The longer the loan term, the lower your monthly payments are going to be. Utilizing a car loan of 5 years or more will allow you to purchase a more expensive car. You may even be able to buy a new car. However, you will wind up paying more in interest over the life of the loan than if you were to apply for a shorter term loan.

Sorry for the cluttered post.

So I recently purchased a truck at Auction Direct USA. It was a great experience. There was no pressure out the gate and the staff was very professional. HOWEVER, there were several things that made me laugh at them…

First lie, “Our sales staff are non commission” - While I was talking to the sales manager waiting for the salesman whose up it was to come over I looked down at his desk and saw a “Sales commission report” So I read it real quick and noticed that they do pretty well. The manager saw it and conveniently dropped the folder he was holding directly on it.

Second lie, “Our cars are priced at auction prices and we only charge you $500 more than that” or some bullshit like that. Now I did not negotiate the purchase price of the vehicle and I let them add in their $500 bullshit charge, but I did opt to negotiate my trade as it is apples to apples at this point. I got way more than I wanted for my trade and walked away knowing that we had made a fair deal with profit for them and a great price for me. This $500 above our auction reserve price is a huge cloud that for some reason tons of people can not see through. I watched so many people just say OK sounds good. In their mind, they are believing that the dealership paid that price for the car at auction and are adding the $500 for their profit. I was astonished to say the least, but I was not concerned with the idiocy of others, only my own deal.

Third Lie - “We will not be beat on financing.” I will never finance through the dealership. I will not tell them this fact or what I am going to pay per month when they ask as it is stupid to show your cards. That said, they will always ask “what do you want to spend per month” and “have you looked into financing” This is so that they have another pawn in the negotiation, your interest rate. They will flex the payments to where you need to be and make the deal look great, “Hey we took 3k off the price of the vehicle, but your interest rate is at 9.4%” They are now making the difference between what the bank offered and what they sold as a rate. I walked in with a 2.4% rate on a used vehicle and once we had most of the particulars done I called my bank to inform them. They immediately jumped to try and save the financing side but although they “could not be beat”, they could not touch my rate and tried to blame my credit… LOL thanks for insulting me fucktard.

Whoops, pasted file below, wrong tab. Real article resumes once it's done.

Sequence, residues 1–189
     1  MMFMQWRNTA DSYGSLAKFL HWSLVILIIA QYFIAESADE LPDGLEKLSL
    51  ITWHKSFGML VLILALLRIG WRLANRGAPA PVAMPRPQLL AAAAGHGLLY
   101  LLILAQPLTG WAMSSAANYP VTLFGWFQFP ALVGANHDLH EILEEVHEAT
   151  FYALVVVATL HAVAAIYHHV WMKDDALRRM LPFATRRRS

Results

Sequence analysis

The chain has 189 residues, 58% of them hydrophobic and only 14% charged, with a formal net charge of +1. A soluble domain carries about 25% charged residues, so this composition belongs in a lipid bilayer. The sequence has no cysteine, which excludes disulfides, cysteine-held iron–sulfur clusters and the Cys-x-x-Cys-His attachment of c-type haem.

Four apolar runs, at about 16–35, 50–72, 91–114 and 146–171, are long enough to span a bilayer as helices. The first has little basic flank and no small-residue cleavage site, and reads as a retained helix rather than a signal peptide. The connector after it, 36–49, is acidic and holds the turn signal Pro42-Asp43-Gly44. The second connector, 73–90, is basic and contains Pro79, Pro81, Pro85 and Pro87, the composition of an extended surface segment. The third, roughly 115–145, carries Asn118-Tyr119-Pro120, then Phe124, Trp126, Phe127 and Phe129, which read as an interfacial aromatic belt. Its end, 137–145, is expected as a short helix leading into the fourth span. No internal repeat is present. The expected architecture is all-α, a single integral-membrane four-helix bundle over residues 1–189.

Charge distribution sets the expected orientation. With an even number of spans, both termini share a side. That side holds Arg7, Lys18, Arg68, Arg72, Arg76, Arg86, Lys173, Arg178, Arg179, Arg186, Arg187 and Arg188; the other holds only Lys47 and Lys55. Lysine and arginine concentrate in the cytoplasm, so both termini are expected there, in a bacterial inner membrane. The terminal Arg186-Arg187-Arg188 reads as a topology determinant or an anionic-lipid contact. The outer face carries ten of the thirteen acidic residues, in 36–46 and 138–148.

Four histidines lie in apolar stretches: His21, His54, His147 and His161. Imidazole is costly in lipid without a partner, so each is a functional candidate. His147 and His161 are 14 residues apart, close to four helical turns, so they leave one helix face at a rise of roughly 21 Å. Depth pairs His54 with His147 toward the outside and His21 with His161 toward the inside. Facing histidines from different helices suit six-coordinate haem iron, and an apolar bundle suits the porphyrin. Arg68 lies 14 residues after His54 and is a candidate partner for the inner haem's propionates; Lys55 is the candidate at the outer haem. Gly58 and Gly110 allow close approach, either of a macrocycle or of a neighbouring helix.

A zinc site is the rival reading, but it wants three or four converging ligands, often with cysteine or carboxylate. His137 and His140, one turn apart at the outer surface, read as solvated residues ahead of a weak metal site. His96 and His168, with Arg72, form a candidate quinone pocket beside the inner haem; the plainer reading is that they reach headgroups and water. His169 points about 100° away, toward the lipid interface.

Buying a car is not a scary thing if you have a little knowledge that I assume this thread will help with. You need to be the one leading the conversation and the process. Dealers hate “Be Backs” and often leaving will help you to get the rock bottom number.

Again, I am in no way bashing Auction Direct as they worked really well with me and even took care of some minor issues that they were not obligated to after the sale. I can add some more snake oil tactics later, but I have some work to do.

---------- Post added at 04:32 PM ---------- Previous post was at 04:30 PM ----------

I went in to Paddock, told them how much I wanted to pay and how much I wanted for my trade. They failed miserably. I bought a similar vehicle elsewhere that almost exactly met my terms. Paddock offered me 3k less than 2 other dealerships for my trade and would not budge.

6 and a half dozen, but i know you are getting at. Coincidentally I just bought a house, and going from a 30 to a 20 year mortgage, and some rate haggling, I saved $65k. The 30-year term would have put a little more cash in my pocket on a monthly basis, but saving $65k was a no-brainer.

Unfortunately, the US hasn’t learned anything from the sub-prime mess since I qualify at near $100k more than I can afford (if I choose to eat better than ramon noodles every night).